As part of the global consultation, UNICEF Canada, Save the Children Canada, the Canadian Council of Provincial Child and Youth Advocates, and the Centre for Children's Rights at Cape Breton University consulted with hundreds of Canadian children and youth to solicit their opinions and recommendations. The organizations have compiled the complete statements, art and poems of the young people in a document entitled Canadian Youth and Children Condemn Violence In Society and have summarized the findings of the consultations in a report called Seen, Heard and Believed: What Youth Say About Violence. The report reflects three dominant themes expressed by the participants:

- youth are well aware of the pervasiveness of violence in their lives;

- youth are acutely aware of the negative effect of violence on their mental and physical health and development;

- youth expect adults to put an end to the violence in their daily lives, and want to be consulted and involved in research and action.

"Violence can be anywhere - it can be in your home, in your school, on the street," said Ethan McGrath, a grade 10 student from Toronto. "Emotional violence does hurt. It is not the same as physical violence, of course. Physical violence happens fast. Emotional violence takes longer. Both scar you and stay with you."

"The voices of children in these reports call us to action, and we must listen," says David Morley, President & CEO of Save the Children Canada. "On National Child Day we should support children and young people by making changes that will ensure their right to a world free of violence."

Punctuating the press conference today was a call to action to the Government of Canada to protect and support children by undertaking the following:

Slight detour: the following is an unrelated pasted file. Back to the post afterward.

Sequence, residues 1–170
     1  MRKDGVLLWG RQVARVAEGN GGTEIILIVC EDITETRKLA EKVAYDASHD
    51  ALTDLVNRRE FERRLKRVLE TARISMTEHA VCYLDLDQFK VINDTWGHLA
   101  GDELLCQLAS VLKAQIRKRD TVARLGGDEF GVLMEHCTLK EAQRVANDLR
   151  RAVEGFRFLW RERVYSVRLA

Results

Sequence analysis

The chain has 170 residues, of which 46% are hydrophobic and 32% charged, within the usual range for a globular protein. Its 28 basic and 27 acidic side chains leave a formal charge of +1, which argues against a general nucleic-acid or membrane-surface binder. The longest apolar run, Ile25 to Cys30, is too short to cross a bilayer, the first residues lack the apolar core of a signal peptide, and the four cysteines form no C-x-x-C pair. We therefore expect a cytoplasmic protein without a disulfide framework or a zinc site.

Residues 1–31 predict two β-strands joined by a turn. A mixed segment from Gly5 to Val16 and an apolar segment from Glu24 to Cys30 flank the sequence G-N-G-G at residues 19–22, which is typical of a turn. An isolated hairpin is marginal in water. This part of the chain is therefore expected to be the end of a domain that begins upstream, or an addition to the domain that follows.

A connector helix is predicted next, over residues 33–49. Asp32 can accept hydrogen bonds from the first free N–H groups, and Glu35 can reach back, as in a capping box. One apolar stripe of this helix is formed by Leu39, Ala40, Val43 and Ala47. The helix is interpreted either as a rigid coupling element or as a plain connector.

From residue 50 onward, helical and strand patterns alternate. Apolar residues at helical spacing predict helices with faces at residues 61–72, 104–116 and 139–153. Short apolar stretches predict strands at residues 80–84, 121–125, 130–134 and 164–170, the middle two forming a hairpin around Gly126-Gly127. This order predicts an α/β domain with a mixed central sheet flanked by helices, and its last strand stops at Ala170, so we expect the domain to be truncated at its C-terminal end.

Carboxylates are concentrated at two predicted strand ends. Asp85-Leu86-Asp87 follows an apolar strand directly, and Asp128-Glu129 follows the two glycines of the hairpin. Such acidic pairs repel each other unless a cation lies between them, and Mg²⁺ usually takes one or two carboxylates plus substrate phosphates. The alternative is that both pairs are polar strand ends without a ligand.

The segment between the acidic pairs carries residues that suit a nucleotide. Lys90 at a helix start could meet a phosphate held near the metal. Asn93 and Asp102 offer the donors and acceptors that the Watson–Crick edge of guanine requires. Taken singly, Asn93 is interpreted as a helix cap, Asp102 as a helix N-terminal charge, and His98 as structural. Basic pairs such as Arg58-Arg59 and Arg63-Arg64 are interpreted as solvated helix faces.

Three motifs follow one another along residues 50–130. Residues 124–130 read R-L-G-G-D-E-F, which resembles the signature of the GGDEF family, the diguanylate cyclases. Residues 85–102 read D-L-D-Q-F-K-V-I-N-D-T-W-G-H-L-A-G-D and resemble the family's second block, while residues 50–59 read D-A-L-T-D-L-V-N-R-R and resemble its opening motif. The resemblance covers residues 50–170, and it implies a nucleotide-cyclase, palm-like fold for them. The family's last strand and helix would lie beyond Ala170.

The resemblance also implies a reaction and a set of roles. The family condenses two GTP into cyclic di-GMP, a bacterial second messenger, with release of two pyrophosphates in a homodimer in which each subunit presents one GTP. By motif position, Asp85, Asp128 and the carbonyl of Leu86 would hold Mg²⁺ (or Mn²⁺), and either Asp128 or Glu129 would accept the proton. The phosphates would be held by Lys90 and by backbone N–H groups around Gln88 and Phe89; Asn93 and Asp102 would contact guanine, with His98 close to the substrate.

- endorse the Study's recommendations and respond without delay to establish a high-level focal point at the ministerial level with political and operational responsibility to comprehensively address violence against children;

- develop a national strategy that coherently addresses all forms of violence against children and takes into account the perspective of children and young people while ensuring their ongoing participation; and

- establish a commissioner for children with a clear mandate to monitor children's rights and well-being and to promote the best interests of children in federal legislation and public policy.

"Children all over the world have declared that violence against them is a key priority to be addressed," said Nigel Fisher. "Are we listening to them? Are we just too complacent in the face of this pervasive child abuse? Today, countries - Canada included - have the opportunity to adopt the recommendations of the Study, apply international child protection norms and monitor rigorously their domestic implementation. Collectively and individually, we must increase our efforts to address the devastating and pervasive violence that blights the lives of so many children every single day."

UNICEF is the world's leader for children, working in 156 countries and territories to save, protect and enhance the lives of girls and boys. The Child Welfare League of Canada plays a significant role in promoting best practices among those in the field of child welfare, children's mental health and youth justice in Canada. The Canadian Council of Child and Youth Advocates is an alliance of Canada's five provincially-appointed children's advocates and works to ensure that children and youth are treated with dignity, tolerance, respect and equality.

Contact Information

  • UNICEF Canada
    Tilla Seh, Media Relations Officer
    (416) 482-4444, Ext. 814
    or Cell: (647) 203-9455 (Nov. 19-21)
    Email: tseh@unicef.ca